Expanding upon David M. Levy’s opinion in Scrolling Forward of how documents are perceived, the same can be said for talk. Levy states about documents, “you can’t see them if you look only at them, ignoring the surroundings in which they operate” (29). Related to Villanueva, this idea is easily applicable to talk. For instance, within Bootstraps, Villanueva counters Piaget’s stance in which Piaget was “not concerned with culturally relativistic notions of cognition” (12). Later on in the same paragraph, Villanueva counters by stating, “the whole oral -literate dichotomy is spurious in America” (12). Put generally, he’s stating that social needs are changing and that the way in which racial minorities communicate simply indicate language needs within the social structure they occupy. Language is a constantly changing field, in which it will most likely never land on anything that will stay for good. Villanueva emphasizes this point on multiple occasions to get across his point effectively. 


  1. In which ways has language changed to shape the world that we live in academically instead of culturally?
  2. Should language find itself in fluidity at some point instead of trying to be pinned down as a quantifiable fact?
  3. How does language in the academic arena relate to a culturally grown understanding of language like in working-class communities?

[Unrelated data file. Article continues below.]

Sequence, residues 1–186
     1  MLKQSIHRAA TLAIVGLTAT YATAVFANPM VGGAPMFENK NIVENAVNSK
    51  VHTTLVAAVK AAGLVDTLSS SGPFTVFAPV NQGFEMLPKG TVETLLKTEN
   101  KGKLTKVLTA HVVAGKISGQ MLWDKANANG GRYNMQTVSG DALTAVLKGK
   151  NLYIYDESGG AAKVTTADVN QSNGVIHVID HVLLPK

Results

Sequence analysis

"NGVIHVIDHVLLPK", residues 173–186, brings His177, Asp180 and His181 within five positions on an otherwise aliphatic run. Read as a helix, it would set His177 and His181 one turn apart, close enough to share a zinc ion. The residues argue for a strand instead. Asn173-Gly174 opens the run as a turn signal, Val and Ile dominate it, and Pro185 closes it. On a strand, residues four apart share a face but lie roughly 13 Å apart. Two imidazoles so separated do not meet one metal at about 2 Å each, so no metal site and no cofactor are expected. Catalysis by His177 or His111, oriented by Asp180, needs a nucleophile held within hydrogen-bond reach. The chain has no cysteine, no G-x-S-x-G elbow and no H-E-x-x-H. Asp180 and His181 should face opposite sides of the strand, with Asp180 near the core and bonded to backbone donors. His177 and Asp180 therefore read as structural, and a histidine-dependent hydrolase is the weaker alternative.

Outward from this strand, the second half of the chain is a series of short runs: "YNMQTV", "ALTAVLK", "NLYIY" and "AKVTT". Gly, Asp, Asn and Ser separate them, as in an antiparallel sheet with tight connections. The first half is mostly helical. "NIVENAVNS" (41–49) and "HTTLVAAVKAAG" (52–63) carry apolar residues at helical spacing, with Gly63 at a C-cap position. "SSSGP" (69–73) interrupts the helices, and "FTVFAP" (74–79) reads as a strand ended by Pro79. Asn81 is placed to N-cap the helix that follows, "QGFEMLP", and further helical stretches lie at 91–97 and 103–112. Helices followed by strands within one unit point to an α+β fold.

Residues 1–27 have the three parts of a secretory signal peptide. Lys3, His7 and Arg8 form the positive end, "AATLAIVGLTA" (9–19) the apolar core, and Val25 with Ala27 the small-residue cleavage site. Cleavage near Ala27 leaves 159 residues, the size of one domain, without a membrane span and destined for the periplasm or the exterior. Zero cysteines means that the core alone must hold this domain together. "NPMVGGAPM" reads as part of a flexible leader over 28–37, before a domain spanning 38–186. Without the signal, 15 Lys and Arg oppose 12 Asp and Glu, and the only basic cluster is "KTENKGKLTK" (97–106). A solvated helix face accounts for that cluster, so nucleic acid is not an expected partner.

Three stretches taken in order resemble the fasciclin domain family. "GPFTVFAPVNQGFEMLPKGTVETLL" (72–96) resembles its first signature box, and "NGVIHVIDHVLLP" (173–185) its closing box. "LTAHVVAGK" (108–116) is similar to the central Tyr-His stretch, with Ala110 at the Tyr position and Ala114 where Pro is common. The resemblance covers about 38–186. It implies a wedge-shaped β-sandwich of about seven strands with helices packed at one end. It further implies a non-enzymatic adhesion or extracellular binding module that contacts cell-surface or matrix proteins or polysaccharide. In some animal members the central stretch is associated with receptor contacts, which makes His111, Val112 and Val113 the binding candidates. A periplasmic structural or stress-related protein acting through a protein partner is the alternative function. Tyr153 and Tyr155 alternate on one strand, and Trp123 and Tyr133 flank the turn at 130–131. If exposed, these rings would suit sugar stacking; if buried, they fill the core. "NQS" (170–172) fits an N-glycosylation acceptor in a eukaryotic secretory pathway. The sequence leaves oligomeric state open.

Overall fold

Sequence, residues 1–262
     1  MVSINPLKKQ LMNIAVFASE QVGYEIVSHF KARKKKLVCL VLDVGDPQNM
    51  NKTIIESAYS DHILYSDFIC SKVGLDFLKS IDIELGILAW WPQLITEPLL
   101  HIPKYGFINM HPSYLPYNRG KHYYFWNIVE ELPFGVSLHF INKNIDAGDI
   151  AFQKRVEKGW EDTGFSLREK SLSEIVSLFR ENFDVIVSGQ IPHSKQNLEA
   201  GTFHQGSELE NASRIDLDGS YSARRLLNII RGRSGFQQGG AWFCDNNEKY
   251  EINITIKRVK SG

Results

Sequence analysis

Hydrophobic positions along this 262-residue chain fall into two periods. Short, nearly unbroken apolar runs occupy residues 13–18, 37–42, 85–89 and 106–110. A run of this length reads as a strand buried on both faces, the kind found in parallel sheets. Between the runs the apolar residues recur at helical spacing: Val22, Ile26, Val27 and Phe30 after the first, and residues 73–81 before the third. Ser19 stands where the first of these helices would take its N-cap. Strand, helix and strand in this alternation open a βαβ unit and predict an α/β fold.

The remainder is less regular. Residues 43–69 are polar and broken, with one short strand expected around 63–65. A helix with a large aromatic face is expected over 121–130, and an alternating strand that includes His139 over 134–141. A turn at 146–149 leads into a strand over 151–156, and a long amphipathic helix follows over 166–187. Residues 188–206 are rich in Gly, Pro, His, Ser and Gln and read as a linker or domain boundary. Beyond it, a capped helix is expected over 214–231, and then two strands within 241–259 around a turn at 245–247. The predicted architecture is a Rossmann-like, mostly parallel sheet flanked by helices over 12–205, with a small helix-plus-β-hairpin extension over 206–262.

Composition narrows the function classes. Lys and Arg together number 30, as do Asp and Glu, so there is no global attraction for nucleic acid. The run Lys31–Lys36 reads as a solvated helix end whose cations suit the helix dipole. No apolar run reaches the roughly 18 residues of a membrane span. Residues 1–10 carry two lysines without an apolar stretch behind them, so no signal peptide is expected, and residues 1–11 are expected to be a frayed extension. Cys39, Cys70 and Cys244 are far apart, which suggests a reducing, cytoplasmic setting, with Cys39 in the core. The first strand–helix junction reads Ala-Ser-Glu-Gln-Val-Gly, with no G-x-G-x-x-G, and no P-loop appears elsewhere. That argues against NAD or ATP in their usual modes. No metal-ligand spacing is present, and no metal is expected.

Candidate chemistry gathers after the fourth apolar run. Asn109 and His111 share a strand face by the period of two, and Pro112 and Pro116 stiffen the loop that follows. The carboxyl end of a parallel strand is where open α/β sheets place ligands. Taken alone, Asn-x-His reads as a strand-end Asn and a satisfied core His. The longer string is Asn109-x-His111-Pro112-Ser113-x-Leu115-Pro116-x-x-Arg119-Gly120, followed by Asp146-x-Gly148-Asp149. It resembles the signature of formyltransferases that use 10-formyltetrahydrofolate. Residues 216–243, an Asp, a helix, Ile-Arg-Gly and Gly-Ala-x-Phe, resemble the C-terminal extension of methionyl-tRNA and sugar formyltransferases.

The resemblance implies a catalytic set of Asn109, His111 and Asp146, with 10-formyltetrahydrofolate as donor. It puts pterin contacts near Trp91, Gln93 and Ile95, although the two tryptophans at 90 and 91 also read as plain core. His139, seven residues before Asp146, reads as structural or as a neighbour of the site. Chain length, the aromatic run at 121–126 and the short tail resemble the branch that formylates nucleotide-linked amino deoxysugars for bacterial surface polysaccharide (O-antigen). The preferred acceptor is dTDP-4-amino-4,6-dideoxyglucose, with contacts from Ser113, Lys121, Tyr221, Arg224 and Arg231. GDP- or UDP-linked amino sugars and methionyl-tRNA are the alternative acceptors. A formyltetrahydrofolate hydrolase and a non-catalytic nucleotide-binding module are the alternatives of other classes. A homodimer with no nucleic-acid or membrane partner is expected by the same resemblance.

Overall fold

Word Count: 874


Bazerman, Charles, and Paul A. Prior. What writing does and how it does it: an introduction to analyzing texts and textual practices. Lawrence Erlbaum Associates, 2004. 

Ratcliffe, Krista. Rhetorical listening: identification, gender, whiteness. Southern Illinois University Press, 2005.
Levy, David M. Scrolling forward: making sense of documents in the digital age. Arcade Publishing, 2016.

MacNeil, R. (2008). Do you speak American? Princeton, NJ: FMG Home Video.

“This I Believe” Checkpoint 1: Proposal of Queer Representation and the Media

In using the word queer, I hope to encompass not only genders but sexualities that are either not heterosexual or cisgender. As a whole, the way any sexual or gender minority is represented within our media and culture is by either a passing mentality or without much consideration of the actual importance these characters represent. Much of the time these characters are handled incorrectly and considered more of an accessory to straight or cis main characters. I believe that as an English student studying literature, I will be able to apply thoughtful insight into not only my experience, but others as well. Learning to write effectively and teach effectively will allow me to help the world move towards queer representation in a more positive light. Without this, I believe the world will never move past its intolerance and injustice that faces minority groups encompassed within the queer spectrum. Using professional and personal sources, I will emphasize the impact of the media’s current adaptation of queer peoples against my hopes to change it.

I will be completing my project within the following time constraints: My sources will be collected and and parsed by February 14, after this, I will have completed the script to my podcast by February 21. Over the course of the time between this and the week starting on February 25th, I will record my podcast. Finally, on the day of March 14th, I will have completed editing of my recording and submitted it for review.

Blog at

Up ↑